.ForMember(d => d.SubscriptionLevel, 
           opt => opt.MapFrom<SubscriptionLevelResolver>());

Resolving an async service

So far so good. But what if your service makes an async call to database or cache to fetch a list of subscription levels? AutoMapper has no support for async calls due to the complexity that would bring to the usage of reflection and expression trees. You therefore have to solve this another way. My suggested solution is to inject the subscription level list when you do the mapping.

Injection of values is done by using the AutoMapper context. In the resolver, you can use the Items dictionary inside the context to send variables. In our solution, it could look like this:

public class SubscriptionLevelResolver : IValueResolver<
  SubscriptionDomainModel, 
  SubscriptionViewModel, 
  string
>
{
  public string Resolve(
    SubscriptionDomainModel source, 
    SubscriptionViewModel destination, 
    string destMember, 
    ResolutionContext context)
  {
    var levels = context.Items["SubscriptionLevels"]
      as List<SubscriptionLevelDomainModel>;
    if (levels != null && levels.Any(x => 
      x.Id == source.SubscriptionLevelId))
    {
      return levels.FirstOrDefault(x => 
        x.Id == source.SubscriptionLevelId)?.Title;
    }
    return $"Unknown level ({source.SubscriptionLevelId})";
  }
}

When requesting the mapping you now have to pass along the list of subscription levels.

var subscriptionViewModel = _mapper.Map<SubscriptionViewModel>(
  subscription, 
  opt => opt.Items["SubscriptionLevels"] = subscriptionLevels
);

This works fine, but I’m not really happy with the way the list is passed in - it’s quite easy to forget to pass in the list and it’s also possible to misspell the key in the dictionary. To make it a bit more visible, you can add an extension method to the mapper that asks for a list when you try to do this specific mapping.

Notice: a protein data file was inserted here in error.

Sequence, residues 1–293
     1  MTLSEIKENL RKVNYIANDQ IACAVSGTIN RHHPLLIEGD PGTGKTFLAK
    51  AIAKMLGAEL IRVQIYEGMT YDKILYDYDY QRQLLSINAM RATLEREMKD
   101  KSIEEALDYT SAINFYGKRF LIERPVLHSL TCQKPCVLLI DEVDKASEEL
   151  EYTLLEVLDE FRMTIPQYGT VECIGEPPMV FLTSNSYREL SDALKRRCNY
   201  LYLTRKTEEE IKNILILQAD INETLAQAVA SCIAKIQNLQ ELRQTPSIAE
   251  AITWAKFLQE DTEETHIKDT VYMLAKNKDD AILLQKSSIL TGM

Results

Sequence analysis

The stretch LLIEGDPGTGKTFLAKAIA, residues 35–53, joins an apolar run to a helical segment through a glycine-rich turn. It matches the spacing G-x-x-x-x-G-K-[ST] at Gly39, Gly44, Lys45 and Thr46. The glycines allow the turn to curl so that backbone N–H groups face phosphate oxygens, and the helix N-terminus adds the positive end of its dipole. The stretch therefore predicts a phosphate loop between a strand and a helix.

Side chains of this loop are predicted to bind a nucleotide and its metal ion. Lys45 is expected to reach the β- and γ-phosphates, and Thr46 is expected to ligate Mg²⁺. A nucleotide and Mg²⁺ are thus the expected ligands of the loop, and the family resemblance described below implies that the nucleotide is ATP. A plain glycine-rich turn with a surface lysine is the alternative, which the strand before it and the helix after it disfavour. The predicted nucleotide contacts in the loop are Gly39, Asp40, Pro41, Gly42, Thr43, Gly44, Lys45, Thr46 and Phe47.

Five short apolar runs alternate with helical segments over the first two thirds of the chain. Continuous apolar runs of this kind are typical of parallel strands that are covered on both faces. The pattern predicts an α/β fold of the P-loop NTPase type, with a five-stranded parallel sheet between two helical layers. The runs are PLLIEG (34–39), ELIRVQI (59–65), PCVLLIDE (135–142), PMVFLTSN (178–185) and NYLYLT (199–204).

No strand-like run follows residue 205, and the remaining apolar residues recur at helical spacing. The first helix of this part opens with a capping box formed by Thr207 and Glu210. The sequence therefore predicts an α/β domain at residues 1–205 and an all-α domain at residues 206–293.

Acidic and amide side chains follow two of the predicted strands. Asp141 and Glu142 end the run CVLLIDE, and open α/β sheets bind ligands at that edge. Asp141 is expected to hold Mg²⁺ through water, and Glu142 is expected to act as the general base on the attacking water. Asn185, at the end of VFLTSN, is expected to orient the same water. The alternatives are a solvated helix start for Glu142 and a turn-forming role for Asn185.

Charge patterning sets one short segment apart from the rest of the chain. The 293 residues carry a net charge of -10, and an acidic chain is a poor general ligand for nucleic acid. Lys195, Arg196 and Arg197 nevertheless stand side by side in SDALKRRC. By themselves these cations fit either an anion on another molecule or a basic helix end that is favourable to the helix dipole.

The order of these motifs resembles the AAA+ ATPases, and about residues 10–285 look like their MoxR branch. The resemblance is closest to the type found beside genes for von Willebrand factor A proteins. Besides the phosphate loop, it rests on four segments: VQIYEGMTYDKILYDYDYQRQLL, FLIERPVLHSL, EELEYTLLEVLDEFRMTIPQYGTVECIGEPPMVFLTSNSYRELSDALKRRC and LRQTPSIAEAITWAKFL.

namespace AutoMapper
{
  public static class AutoMapperExtensions
  {
    public static SubscriptionViewModel Map<SubscriptionViewModel>(
        this IMapper map, 
        SubscriptionDomainModel domainModel, 
        List<SubscriptionLevelDomainModel> subscriptionLevels)
    {
      return map.Map<SubscriptionViewModel>(domainModel, opt => 
        opt.Items["SubscriptionLevels"] = subscriptionLevels);
    }
  }
}

The extension is added to the AutoMapper namespace so it’ll be available each time you use the Map function. This is how you now can call the function, and it even comes up as one of the suggested ways.

var subscriptionViewModel = _mapper.Map<SubscriptionViewModel>(
  subscription, 
  subscriptionLevels
);

Summary

AutoMapper is a really helpful tool when you need to map different data classes. The resolver makes it possible to convert complex scenarios and you can even inject services to use when converting. However, async is not supported in the resolver so you have to call async functions before and pass in the values you need.